When te tamaiti or rangatahi is well engaged with education, they have the opportunity to be successful in their learning and development and also be part of the school community. Tamariki and rangatahi may require support with their learning and behavioural needs to ensure they are able to participate and engage.

When the school assesses that te tamaiti or rangatahi has learning and behavioural needs, the support options include:

  • Special Education Grant (held by the school)
  • Special Education and Assistive Equipment Grant
  • Resource Teacher Learning and Behaviour
  • Ongoing Resource Scheme (ORS) funding
  • behaviour management interventions such as the Ministry of Education's Intensive Wraparound Support Te Kahu Tōī
  • teacher aide support.

The Interim Response Fund (IRF) may provide initial support while the school is assessing the needs of te tamaiti or rangatahi.

Clinical Services

Clinical Services is part of Oranga Tamariki (previously called Specialist Services Units – SSU). Team members are a combination of psychologists and therapists who offer psychological and therapeutic services. Clinical Services offers consultation, assessment and therapeutic interventions with tamariki and rangatahi engaged with Oranga Tamariki and their whānau or family.

Contact the regional Psychologist Team Leader or the Site Clinician to make a referral.

ACC

ACC can help tamariki or rangatahi with health and disability needs that are caused by injury or accident. This can include:

  • injuries caused by everyday accidents
  • injuries caused by serious harm events
  • sensitive claims that relate to sexual abuse
  • traumatic brain injuries.

Sexual abuse

Tamariki and rangatahi who have been sexually abused should have an ACC claim registered. If this hasn't happened, the social worker should talk with te tamaiti or rangatahi  and, with their consent, seek registration using information Oranga Tamariki holds.

Find support | ACC

Brain injury

If te tamaiti or rangatahi was assessed or seen by a health practitioner when their brain injury occurred, their injury is likely to have been registered and they may have an ACC case manager. If not, their GP is usually the best person to follow up with ACC – talk with their GP about this.

If te tamaiti or rangatahi was not assessed or seen by a health practitioner at the time of their injury, they are unlikely to have ACC cover. ACC cover can be difficult to establish after the event, so talk to ACC and seek advice from the Regional Disability Advisor or Clinical Services.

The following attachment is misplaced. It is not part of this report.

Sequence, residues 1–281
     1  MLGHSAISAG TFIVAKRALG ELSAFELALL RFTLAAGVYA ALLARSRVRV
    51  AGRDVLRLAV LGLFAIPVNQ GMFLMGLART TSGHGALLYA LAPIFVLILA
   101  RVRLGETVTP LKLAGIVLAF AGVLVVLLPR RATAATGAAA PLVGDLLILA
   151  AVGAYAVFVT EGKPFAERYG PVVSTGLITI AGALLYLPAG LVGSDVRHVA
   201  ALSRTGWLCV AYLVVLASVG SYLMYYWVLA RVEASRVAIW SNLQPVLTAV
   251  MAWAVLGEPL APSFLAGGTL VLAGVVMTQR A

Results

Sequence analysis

How ACC supports its clients

The types of support that ACC can provide include surgery, medical care, attendant care, equipment, aides, transport, travelling to treatment, rehabilitation (such as physiotherapy, speech language therapy, occupational therapy, psychology), childcare and education (for injured parents), teacher aide, counselling, behaviour support and other support.

If te tamaiti or rangatahi has been hospitalised due to an injury, ensure that an ACC representative is part of the discharge planning processes so that ACC supports are in place when te tamaiti or rangatahi is discharged.

To understand what ACC can provide, talk with the ACC case manager, recovery team or claims team (0800 101 996). If there is significant need, te tamaiti or rangatahi may have a dedicated recovery team member allocated, and there may be a Support Needs Assessment (SNA), which the social worker will need to have input into and be familiar with.

ACC may also provide financial help for tamariki and rangatahi whose parents have died of an injury.

Financial support if someone has died from an injury | ACC

Disabled tamariki and rangatahi who are not eligible for disability support or ACC

Many tamariki and rangatahi will not be eligible for Disability Support Services or ACC services.

For these tamariki and rangatahi, we bring community and Whānau Ora supports and services together to assist whānau, family and caregivers to develop and implement plans.

We also check if tamariki and rangatahi with complex needs can access High and Complex Needs (HCN) support and make referrals as appropriate.

High and Complex Needs (HCN)